After a decision has been made in a "make vs. buy" analysis not to develop a software component in-house but to procure it from third-party providers, the various offerings must be evaluated to find the provider with the best overall package. Various aspects need to be examined, such as the range of functions offered, the required integration effort, the support provided, and the respective license model. Nowadays, the vast majority of providers rely on annual license fees. Yet, there are differences in the composition of the respective final price. Fixed-price and volume-based models are the most common. But which approach is most suitable for your individual needs? Learn more in our latest blog post about SDK pricing.
What is the difference between volume-based and fixed-price models?
First, let's define the two most common pricing models to provide a basis for comparison. Volume-based approaches, as the name suggests, are charged based on variables, e.g. monthly active users (MAUs), the number of active devices, or based on the actions performed via the SDK. So in addition to the base fee, there are payments for the aforementioned variables, often as well as for setup, support, new features, or updates.
In contrast, the costs for a flat license model are defined in advance and are completely independent of volume-based variables. The Scanbot SDK, for example, is sold with such a license model. In addition to extensive support from our developers via Slack and dedicated Customer Success Managers, this also covers any updates and bug fixes during the license period. There is no installation fee, nor are there any costs for additional devices or users. The price is determined exclusively on the basis of the booked functionality and the number of apps.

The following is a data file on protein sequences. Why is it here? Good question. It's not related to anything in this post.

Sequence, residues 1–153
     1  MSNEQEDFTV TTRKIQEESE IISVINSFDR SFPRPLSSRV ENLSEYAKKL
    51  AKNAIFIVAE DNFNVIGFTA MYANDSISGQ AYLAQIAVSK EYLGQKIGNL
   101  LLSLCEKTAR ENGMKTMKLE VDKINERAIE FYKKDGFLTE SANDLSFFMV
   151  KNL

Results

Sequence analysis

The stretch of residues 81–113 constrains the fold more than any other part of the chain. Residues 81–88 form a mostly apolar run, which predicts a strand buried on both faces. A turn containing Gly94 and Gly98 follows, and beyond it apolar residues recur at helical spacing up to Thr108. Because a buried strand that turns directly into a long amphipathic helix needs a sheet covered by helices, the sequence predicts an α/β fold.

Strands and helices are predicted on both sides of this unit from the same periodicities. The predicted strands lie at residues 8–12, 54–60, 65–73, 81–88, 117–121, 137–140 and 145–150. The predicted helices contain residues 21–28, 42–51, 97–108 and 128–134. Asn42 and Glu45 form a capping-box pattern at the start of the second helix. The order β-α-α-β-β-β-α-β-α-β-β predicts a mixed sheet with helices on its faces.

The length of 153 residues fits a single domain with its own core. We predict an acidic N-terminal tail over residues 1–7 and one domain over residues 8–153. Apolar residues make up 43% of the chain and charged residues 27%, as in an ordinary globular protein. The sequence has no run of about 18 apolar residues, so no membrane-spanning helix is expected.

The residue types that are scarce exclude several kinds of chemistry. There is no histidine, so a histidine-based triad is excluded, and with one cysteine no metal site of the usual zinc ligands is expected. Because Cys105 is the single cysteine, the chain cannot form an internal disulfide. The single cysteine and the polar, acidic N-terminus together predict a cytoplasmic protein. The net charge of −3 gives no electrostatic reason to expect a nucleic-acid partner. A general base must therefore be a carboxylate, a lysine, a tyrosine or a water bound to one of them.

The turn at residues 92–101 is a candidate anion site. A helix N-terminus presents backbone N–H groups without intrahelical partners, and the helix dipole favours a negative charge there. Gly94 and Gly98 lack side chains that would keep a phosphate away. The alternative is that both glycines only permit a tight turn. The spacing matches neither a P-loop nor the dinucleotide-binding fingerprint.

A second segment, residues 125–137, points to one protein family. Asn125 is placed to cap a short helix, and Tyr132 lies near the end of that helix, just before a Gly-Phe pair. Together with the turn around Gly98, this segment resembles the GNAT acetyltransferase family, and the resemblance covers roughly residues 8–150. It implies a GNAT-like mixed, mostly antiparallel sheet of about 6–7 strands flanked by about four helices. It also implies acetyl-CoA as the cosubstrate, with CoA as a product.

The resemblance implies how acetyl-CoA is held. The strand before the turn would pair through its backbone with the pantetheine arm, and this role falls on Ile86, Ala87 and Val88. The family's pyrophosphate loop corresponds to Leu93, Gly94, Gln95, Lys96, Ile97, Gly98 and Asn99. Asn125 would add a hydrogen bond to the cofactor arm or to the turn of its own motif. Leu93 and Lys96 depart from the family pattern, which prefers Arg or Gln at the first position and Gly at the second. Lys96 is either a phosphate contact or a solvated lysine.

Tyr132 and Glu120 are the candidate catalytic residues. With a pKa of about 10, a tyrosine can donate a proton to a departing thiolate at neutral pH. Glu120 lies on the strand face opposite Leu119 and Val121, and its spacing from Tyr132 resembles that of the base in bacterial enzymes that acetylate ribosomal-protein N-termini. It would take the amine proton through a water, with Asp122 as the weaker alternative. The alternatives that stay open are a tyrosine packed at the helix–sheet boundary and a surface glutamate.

Why fixed prices are usually the better choice
If your project requires an accurate calculation of the costs caused by the licensed third-party component, software offered with a fixed-price license is the right choice. There are no hidden costs here, just as there are no unexpectedly high fees due to a sudden increase in the number of users or scans. The success of the functions in the app, i.e., high usage by users, is not "punished" by high and variably increasing costs.
You can also make unrestricted use of consulting and customer service here; we will accompany and support you on your way at all times without incurring any additional costs in the process. Not only do you benefit from this exchange, but also our team gains inspiration from the exchange with industry experts. We pass on the results of these insights to you in the form of regular updates for a wide range of use cases and best practices.
However, for specific use cases, volume-based licenses can also offer advantages. In particular, if the required feature is set to only be a marginal part of the application, or the app's user base is and will remain fundamentally small, volume-based pricing models are worthwhile to keep costs as low as possible. However, in doing so, companies risk a significant increase in costs, which can arise due to user errors, growing user numbers, or a restructuring of the workflow carried out with the app.
In summary, as a rough rule of thumb, volume-based licensing models tend to be advantageous for smaller use cases. For a high frequency of use of the purchased software component, fixed-price models are ahead. The number of users and the transactions they generate, e.g., scans, must therefore be carefully weighed up beforehand to determine the optimum solution for the individual use case.